There’s always something exciting happening at the Museum of International Folk Art! Join us for our many programs listed below.
2:00 PM - 3:30 PM
“Tribesourcing is a digital humanities project, where existing "social studies" films from the American Indian Film Gallery, made in the 1950s and 1960s are re- recorded with new narrations by community members and elders from Native American communities. This “tribesourcing” method allows for identification of local knowledge that might otherwise be lost, as well as providing a rich, community-based metadata record for each film.
Jennifer Jenkins, PhD, Tribesourcing Project Manager, and English Professor at the University of Arizona, will demonstrate the merging of old video and new audio in Mukurtu at Tribesourcingfilm.com and discuss what she has learned in the process of digitally repatriating these midcentury films.”
“This NEH-funded project seeks to “tribesource” 60 educational films about the Native peoples of the Southwestern U.S. works from the American Indian Film Gallery, a collection awarded to the University of Arizona in 2011. Most of the films were made in the mid-20th century and reflect mainstream cultural attitudes of the day. Often the narration pronounces meaning that is inaccurate or disrespectful, but the visual narratives are for the most part quite remarkable. At this historical distance, many of these films have come to be understood by both cultural insiders and outside scholars as documentation of cultural practices and lifeways—and, indeed, languages—that are receding as practitioners and speakers pass on. This project seeks to rebalance the historical record, intentionally shifting emphasis from external perceptions of Native peoples to the voices, knowledge, and languages of the peoples represented in the films by participatory recording of new narrations for the films.
Tribesourcing places historical materials with the peoples they represent in order to tell the untold or suppressed story. Each film in this project will be streamed in a Mukurtu-based website with alternate narrations from within the culture in English and in Native languages. This method allows for identification of people, places, practices, vocabulary and stories that might otherwise be lost, as well as providing a rich, community-based metadata record for each film. Taking a small step toward cultural repatriation of content, tribesourcing as a methodology is guided by the Protocols for American Indian Archival Materials (2006).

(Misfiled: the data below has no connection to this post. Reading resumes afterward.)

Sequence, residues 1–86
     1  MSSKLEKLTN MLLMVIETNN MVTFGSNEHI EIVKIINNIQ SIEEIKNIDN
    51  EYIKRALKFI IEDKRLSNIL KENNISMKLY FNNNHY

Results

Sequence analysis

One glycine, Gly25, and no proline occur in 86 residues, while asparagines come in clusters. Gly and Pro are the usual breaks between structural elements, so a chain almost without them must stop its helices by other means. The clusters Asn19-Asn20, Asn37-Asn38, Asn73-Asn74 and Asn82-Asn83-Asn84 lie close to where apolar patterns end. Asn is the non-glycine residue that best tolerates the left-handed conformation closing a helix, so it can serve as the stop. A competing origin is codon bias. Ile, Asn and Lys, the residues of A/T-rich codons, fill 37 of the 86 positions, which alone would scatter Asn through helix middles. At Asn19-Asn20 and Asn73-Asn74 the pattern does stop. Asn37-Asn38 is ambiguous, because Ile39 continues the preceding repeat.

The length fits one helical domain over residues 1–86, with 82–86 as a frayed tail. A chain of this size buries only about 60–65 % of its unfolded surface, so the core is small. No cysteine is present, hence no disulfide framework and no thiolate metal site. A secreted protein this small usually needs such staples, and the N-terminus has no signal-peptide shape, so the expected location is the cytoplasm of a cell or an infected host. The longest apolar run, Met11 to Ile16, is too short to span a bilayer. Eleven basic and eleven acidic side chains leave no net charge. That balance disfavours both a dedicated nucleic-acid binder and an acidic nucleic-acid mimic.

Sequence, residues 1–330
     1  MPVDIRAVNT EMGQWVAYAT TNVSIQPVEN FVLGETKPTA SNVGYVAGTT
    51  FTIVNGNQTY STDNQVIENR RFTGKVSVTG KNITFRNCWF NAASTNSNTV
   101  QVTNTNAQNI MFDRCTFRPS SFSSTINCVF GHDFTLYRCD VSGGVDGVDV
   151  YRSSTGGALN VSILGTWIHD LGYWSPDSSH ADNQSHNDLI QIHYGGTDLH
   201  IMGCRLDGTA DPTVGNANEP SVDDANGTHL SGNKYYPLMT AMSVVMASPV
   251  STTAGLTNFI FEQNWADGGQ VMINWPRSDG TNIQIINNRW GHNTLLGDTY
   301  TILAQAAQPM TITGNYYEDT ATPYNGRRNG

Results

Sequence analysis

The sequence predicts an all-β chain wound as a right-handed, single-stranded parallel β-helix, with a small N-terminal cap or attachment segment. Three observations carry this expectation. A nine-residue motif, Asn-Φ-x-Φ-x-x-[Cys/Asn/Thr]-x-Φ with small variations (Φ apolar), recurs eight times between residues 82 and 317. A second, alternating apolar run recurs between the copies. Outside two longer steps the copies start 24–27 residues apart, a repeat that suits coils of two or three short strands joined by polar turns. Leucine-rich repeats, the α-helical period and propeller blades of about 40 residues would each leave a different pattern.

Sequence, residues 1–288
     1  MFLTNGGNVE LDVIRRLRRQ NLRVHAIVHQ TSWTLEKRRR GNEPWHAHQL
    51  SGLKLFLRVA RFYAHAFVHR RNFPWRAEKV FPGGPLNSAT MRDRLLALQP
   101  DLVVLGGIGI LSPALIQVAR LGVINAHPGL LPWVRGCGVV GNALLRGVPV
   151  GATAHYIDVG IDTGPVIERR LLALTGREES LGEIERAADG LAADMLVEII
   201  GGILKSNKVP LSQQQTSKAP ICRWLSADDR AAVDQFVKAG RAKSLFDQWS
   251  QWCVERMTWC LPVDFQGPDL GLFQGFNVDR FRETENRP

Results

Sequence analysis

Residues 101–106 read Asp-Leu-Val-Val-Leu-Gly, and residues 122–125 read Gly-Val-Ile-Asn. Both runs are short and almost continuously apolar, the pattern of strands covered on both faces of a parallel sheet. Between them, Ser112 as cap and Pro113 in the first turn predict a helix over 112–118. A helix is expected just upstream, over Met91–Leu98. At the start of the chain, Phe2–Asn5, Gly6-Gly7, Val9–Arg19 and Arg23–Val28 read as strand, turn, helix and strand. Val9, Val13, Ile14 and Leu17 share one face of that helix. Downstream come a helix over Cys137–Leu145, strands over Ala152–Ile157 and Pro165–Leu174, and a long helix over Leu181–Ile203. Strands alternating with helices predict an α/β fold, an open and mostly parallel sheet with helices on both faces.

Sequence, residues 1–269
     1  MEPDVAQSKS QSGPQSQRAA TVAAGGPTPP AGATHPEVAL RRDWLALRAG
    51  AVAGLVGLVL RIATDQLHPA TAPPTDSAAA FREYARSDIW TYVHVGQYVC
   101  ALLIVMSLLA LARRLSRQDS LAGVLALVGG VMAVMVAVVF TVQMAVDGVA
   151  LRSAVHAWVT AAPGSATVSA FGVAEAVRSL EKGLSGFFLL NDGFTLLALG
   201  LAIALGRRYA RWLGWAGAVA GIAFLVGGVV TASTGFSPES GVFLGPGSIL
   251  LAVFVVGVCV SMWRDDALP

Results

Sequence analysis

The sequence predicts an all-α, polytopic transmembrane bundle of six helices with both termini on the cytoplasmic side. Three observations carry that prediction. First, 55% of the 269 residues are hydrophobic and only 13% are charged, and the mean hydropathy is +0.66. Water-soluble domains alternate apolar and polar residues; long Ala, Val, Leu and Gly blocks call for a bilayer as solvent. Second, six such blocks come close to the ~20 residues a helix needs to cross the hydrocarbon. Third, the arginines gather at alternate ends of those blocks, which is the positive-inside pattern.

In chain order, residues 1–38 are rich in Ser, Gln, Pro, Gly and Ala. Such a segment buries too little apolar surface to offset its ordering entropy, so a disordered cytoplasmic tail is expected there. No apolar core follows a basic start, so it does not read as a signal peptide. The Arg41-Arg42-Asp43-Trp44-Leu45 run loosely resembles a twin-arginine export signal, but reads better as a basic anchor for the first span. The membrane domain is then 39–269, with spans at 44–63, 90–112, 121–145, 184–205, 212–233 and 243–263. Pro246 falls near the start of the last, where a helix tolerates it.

This project seeks to contribute to ongoing efforts to decolonize the archive and restore voice and narrative sovereignty to the people who appear in these films—as agents of their own information rather than subjects of a governmental or corporate agenda. Participation, Equity, and Inclusion are central to this project.”
11:00 AM - 12:30 PM
Join us on the First FREE Sunday of the Month for our all-ages program featuring storytime, Hands-on art activity and explorations in the galleries.
Sunday March 1 “Let’s Make Music”
FREE for all NM residents . Funded by Museum of New Mexico Foundation Education Fund
About the Museum of International Folk Art: http://www.internationalfolkart.org/
Founded in 1953 by Florence Dibell Bartlett, the Museum of International Folk Art’s mission is to foster understanding of the traditional arts to illuminate human creativity and shape a humane world. The museum holds the world’s largest international folk art collection of more than 150,000 objects from six continents and over 150 nations, representing a broad range of global artists whose artistic expressions make Santa Fe an international crossroads of culture. For many visitors, fascination with folk art begins upon seeing the whimsical toys and traditional objects within the Girard Collection. For others, the international textiles, ceramics, carvings and other cultural treasures in the Neutrogena Collection provide the allure. The museum’s historic and contemporary Latino and Hispano folk art collections, spanning the Spanish Colonial period to modern-day New Mexico, reflect how artists respond to their time and place in ways both delightful and sobering. In 2010, the museum opened the Mark Naylor and Dale Gunn Gallery of Conscience, where exhibitions encourage visitors to exchange ideas on complex issues of human rights and social justice.
706 Camino Lejo, on Museum Hill in Santa Fe, NM 87505. (505) 476-1200.
Hours: 10 am to 5 pm daily, May through October; closed Mondays November through April, Thanksgiving, Christmas, and New Year’s Day. First Sunday of Every Month is free to NM Residents.
Daily Walk-In Docent Tours
Our docents open up the world of folk art and the history of the museum to you. No reservations are required for docent tours, which are available:
10:30 & 11:30AM and 2:00PM. To confirm the day’s tours, please call the museum front desk at 505-476-1204.Learn More